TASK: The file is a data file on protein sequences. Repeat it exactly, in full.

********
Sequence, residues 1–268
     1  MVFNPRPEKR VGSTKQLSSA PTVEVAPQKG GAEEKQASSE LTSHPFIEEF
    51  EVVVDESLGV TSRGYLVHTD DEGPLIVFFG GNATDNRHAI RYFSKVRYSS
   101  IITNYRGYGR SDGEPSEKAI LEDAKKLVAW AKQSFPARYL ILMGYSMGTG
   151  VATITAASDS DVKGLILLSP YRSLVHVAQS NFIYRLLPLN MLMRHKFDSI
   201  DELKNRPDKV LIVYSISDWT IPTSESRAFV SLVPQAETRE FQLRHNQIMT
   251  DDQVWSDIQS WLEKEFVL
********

Sequence, residues 1–268
     1  MVFNPRPEKR VGSTKQLSSA PTVEVAPQKG GAEEKQASSE LTSHPFIEEF
    51  EVVVDESLGV TSRGYLVHTD DEGPLIVFFG GNATDNRHAI RYFSKVRYSS
   101  IITNYRGYGR SDGEPSEKAI LEDAKKLVAW AKQSFPARYL ILMGYSMGTG
   151  VATITAASDS DVKGLILLSP YRSLVHVAQS NFIYRLLPLN MLMRHKFDSI
   201  DELKNRPDKV LIVYSISDWT IPTSESRAFV SLVPQAETRE FQLRHNQIMT
   251  DDQVWSDIQS WLEKEFVL